These are all rumours; we should all insist that anybody who commits any crime, whether he is Fulani or any other person should be treated as a criminal; we should stop categorising them under different names, Fulani herdsmen or bandits; these are all criminals and the police should go after them. The issue of Islamisation of West Africa is not tenable because if you look at West Africa, there are more Moslem communities than Christian communities, so the crimes being committed by these people should not be linked to religion, these are criminals and they should be treated as such. The Nigerian constitution emphasises freedom of religion and nobody will come out and force a particular religion on others.
Prof Peter Ogban, a returning officer at the 2019 senatorial election in Akwa Ibom State has been convicted for electoral fraud, how do you think this will impact subsequent elections in Nigeria?
Prof Ogban’s conviction is just one out of the millions of electoral fraud in Nigeria. If we want to make progress, the Independent National Electoral Commission (INEC) must be unbundled into three key institutions, one for voters’ registration and custody of the voters’ register, another body should be responsible for the conduct of the election and another body should handle electoral offences. Electoral offences should be taken much more seriously in this country; after every election in Nigeria, we see volumes of election petitions and INEC must take this very seriously. But apart from the electoral official who was convicted, some politicians procure results and those who buy and sell votes, these are all electoral offences and all of them should be punished.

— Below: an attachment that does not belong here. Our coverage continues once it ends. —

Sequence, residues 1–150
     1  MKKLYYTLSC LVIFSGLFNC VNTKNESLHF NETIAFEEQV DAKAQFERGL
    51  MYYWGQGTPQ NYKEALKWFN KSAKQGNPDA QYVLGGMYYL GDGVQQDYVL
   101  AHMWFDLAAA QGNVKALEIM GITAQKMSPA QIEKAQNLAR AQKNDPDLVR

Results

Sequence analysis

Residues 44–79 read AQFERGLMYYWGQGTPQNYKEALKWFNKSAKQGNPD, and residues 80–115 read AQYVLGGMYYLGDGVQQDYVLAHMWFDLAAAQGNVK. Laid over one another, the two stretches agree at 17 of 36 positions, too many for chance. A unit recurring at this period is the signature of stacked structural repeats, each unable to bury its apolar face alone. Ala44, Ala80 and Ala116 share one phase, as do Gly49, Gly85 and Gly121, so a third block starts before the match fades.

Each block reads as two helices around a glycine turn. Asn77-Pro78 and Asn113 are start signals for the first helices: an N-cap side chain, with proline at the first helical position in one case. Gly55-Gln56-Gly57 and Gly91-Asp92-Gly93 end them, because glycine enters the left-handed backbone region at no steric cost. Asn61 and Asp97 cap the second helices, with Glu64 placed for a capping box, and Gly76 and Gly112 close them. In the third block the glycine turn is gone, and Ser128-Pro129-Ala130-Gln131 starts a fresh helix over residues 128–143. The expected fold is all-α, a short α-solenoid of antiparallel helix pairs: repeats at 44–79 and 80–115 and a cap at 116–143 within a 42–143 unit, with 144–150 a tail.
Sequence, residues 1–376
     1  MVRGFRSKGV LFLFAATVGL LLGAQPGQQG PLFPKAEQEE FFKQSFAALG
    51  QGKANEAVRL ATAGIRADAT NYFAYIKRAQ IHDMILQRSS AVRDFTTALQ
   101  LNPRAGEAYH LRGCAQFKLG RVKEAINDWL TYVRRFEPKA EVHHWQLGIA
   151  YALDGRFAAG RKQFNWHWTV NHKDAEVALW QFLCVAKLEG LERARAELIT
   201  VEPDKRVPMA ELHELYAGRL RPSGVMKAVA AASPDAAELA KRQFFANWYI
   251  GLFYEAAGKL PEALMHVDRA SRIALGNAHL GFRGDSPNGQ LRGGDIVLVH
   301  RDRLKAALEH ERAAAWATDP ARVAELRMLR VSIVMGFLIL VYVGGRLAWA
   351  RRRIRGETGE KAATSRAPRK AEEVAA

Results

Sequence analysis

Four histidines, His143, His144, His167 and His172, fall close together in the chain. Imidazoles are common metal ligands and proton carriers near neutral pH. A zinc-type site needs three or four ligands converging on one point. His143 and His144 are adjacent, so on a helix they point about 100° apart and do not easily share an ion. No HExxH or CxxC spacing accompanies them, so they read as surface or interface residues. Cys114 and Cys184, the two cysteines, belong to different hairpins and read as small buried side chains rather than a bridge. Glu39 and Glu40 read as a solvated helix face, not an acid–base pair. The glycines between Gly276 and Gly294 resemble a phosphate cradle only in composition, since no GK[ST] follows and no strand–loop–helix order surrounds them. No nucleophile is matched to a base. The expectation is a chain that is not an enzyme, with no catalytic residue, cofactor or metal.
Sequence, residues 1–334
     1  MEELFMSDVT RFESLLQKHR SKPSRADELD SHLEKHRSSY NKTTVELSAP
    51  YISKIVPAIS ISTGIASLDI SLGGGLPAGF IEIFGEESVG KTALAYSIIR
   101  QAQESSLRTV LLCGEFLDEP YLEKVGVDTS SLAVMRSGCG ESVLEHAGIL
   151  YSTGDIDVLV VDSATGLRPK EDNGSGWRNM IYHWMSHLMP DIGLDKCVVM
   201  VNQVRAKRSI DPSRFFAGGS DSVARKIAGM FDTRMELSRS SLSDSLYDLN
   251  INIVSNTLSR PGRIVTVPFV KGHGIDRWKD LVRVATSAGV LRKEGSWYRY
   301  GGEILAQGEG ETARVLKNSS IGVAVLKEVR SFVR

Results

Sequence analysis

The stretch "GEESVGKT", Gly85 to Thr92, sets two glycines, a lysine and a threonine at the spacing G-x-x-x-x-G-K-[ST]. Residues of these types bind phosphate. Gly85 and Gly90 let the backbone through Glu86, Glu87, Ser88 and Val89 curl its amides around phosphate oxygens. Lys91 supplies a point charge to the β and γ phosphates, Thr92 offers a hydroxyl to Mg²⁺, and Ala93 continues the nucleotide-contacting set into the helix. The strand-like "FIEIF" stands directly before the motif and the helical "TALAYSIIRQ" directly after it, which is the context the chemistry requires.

What do you think of the arguments on the 2023 presidency, are you for the pro- zoning or pro-capacity school of thought?
In every society such as Nigeria, there is usually some kind of informal understanding for power to rotate between the North and the South for coexistence and peaceful neighbourliness and that should be respected. The North has held the presidency for eight years by 2023; it is common sense that the presidency should go to the Southern part, it will lead to equity, reduce tension and sense of marginalisation and when that is done, it helps to stabilise the system. So, I support that the Southern part of the country should produce the next president and not just that but all the sensitive offices should be shared so that there will be a sense of equity. But it is not just about giving it to the South East, all the political parties should bring out candidates that are credible so that we will be able to salvage this country.